Ocean News

Ocean Acidification Research Featured In C&EN

16th April 2012

Ocean acidification happens as the oceans absorb excess CO2 in the atmosphere, causing the pH of seawater to fall. This has wide-ranging consequences for the marine ecosystem, among which are coral bleaching and preventing the shellfish shells from forming properly.

Jason Hall-Spencer’s groundbreaking SOSF-funded research on ocean acidification involves studying sites with naturally high levels of CO2, such as those near underwater volcanic vents off Italy. He recently discussed some of his findings and the implications of rising CO2 levels for the Mediterranean in C&EN magazine:

A fall in Mediterranean pH has major impacts on organisms that use calcium carbonate in their shells or corals. That’s because acidification—due to dissolved CO2 forming carbonic acid—throws normal ocean chemistry out of balance, resulting in corrosion of calcium carbonate from shelled organisms. In practice, this means that an organism’s shell will dissolve unless the organism can ramp up shell construction to counteract the loss. “If the organism is willing to put a huge amount of energy into shell production because it has tons and tons of food, then perhaps the organism can continue to exist."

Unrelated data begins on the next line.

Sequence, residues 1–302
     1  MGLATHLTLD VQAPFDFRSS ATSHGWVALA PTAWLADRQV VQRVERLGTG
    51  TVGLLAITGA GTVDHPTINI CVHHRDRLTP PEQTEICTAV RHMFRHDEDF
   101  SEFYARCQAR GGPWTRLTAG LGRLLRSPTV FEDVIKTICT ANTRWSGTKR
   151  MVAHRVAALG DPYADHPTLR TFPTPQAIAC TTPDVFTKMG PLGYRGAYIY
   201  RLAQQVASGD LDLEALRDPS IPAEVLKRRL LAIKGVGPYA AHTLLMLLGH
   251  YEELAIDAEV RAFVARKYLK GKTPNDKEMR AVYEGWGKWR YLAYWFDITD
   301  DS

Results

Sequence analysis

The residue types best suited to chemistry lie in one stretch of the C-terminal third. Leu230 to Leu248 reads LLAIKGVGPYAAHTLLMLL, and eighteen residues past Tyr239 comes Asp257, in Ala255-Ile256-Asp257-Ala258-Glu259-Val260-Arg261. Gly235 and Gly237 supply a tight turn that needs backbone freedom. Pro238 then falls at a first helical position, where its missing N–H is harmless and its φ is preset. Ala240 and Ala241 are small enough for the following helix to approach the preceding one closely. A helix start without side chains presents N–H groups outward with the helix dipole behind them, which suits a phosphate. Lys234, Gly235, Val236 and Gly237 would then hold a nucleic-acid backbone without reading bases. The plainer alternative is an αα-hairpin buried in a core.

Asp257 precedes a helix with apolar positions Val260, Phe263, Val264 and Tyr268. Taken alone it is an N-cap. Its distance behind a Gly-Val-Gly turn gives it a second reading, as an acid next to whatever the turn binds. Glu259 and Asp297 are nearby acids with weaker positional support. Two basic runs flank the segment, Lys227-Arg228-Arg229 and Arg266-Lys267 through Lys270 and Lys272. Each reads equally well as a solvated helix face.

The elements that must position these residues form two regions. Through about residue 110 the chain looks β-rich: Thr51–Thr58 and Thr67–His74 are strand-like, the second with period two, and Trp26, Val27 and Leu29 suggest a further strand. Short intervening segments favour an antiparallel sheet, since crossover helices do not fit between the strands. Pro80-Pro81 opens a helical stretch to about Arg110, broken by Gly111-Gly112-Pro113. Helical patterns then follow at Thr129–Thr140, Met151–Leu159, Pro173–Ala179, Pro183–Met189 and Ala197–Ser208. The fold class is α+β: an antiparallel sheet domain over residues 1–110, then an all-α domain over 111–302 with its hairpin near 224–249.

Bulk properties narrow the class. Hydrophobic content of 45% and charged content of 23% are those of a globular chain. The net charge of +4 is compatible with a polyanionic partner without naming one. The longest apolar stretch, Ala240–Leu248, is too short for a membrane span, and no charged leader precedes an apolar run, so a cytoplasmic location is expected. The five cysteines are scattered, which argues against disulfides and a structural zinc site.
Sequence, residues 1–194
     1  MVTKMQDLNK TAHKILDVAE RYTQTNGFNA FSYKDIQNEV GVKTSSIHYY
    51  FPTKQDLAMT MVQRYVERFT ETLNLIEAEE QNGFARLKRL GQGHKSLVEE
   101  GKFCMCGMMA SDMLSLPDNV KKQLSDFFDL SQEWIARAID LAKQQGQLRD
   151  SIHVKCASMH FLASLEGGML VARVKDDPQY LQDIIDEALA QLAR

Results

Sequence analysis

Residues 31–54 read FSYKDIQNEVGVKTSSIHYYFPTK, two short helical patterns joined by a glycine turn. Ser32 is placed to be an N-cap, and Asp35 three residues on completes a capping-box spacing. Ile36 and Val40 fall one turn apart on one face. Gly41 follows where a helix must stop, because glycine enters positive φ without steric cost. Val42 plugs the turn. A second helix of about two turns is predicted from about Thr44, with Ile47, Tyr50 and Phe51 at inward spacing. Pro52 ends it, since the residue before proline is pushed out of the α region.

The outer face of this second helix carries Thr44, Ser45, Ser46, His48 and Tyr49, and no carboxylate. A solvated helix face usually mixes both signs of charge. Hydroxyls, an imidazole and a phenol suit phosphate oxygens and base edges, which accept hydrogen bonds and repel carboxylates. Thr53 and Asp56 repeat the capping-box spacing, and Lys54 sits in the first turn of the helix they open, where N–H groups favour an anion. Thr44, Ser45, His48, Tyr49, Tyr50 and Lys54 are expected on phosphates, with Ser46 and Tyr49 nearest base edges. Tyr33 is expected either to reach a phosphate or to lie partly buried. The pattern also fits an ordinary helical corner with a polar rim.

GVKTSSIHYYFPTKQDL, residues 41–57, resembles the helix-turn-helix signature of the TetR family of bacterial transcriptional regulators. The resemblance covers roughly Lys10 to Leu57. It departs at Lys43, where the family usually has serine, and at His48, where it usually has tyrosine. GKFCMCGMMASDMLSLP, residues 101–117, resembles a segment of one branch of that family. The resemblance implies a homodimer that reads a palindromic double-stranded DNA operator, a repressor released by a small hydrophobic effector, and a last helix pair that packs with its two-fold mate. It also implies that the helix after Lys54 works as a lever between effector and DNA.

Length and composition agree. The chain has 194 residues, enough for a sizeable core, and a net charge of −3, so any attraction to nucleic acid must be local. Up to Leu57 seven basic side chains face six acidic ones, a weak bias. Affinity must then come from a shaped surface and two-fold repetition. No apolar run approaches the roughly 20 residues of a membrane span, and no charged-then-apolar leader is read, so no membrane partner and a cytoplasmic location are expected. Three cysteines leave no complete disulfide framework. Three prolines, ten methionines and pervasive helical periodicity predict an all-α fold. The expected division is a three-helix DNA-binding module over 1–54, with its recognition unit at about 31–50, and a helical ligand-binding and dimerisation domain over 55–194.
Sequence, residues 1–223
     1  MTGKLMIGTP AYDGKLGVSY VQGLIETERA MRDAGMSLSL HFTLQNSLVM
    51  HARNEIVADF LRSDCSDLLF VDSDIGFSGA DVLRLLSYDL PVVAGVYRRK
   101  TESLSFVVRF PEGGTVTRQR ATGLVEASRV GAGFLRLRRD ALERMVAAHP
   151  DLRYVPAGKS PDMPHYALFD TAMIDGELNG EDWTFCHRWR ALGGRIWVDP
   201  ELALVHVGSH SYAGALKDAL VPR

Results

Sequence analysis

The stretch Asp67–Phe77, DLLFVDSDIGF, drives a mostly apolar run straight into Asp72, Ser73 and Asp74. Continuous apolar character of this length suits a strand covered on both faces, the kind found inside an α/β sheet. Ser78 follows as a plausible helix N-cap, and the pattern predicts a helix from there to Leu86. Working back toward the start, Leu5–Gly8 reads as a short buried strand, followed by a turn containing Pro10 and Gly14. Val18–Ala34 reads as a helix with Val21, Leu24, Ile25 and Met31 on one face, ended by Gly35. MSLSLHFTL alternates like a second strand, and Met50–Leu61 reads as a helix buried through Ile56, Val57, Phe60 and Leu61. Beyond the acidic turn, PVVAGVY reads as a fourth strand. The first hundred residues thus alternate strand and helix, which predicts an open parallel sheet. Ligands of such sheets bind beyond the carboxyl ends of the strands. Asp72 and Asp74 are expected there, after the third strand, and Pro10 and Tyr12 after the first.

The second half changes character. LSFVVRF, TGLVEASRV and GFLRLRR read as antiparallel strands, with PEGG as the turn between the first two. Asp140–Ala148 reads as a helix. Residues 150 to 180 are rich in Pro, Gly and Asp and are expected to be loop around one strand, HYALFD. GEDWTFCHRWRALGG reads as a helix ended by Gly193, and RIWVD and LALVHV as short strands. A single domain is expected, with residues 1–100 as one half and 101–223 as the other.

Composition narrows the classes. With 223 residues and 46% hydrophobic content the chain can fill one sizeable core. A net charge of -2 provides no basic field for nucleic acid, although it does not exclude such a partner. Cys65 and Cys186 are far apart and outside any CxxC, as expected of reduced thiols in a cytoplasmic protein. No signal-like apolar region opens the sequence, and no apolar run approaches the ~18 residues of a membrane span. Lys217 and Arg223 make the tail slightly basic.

Hall-Spencer focuses on underwater volcanic vents around Italy and Greece because these are areas where high acidity occurs naturally, allowing scientists a glimpse at what may be in store for future oceans. And the picture is not rosy:

When he swims through a Jacuzzi of CO2-rich water near vents to do experiments, Hall-Spencer says he regularly gets stung by invasive species and jellyfish, which thrive in that environment. “But the corals that we transplant into the areas dissolve away,” he says. “So corals die, but invasive species survive.”

However, he also points out that certain robust species are capable of adapting to more acidic environments:

Not all endemic species die in acidified oceans, however. “What keeps me from crying into my cornflakes in the morning is the fact there are some organisms that are clearly very robust,” Hall-Spencer says. “Some of them can survive what we are doing to the chemistry of the oceans. Sea grasses, for example, which can provide nursery areas for juvenile fish, bloom in [acidified] regions around Mediterranean CO2 vents.”

The full article is available here as a PDF download.